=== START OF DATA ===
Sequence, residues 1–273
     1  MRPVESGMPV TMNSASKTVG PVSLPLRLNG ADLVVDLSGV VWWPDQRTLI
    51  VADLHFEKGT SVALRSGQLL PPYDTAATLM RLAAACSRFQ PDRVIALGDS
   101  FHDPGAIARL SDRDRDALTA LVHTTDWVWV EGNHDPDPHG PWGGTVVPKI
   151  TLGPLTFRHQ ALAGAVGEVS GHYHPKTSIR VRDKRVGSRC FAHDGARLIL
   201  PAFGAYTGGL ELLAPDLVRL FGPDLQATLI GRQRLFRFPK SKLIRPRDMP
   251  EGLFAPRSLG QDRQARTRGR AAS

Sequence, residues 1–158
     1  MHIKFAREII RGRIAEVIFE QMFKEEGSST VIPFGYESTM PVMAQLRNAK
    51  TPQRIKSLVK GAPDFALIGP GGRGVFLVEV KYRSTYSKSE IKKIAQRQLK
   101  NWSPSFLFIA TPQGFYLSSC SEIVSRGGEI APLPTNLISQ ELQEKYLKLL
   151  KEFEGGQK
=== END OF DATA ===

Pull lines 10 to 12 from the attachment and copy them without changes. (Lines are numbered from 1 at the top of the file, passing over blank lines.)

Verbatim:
    51  TPQRIKSLVK GAPDFALIGP GGRGVFLVEV KYRSTYSKSE IKKIAQRQLK
   101  NWSPSFLFIA TPQGFYLSSC SEIVSRGGEI APLPTNLISQ ELQEKYLKLL
   151  KEFEGGQK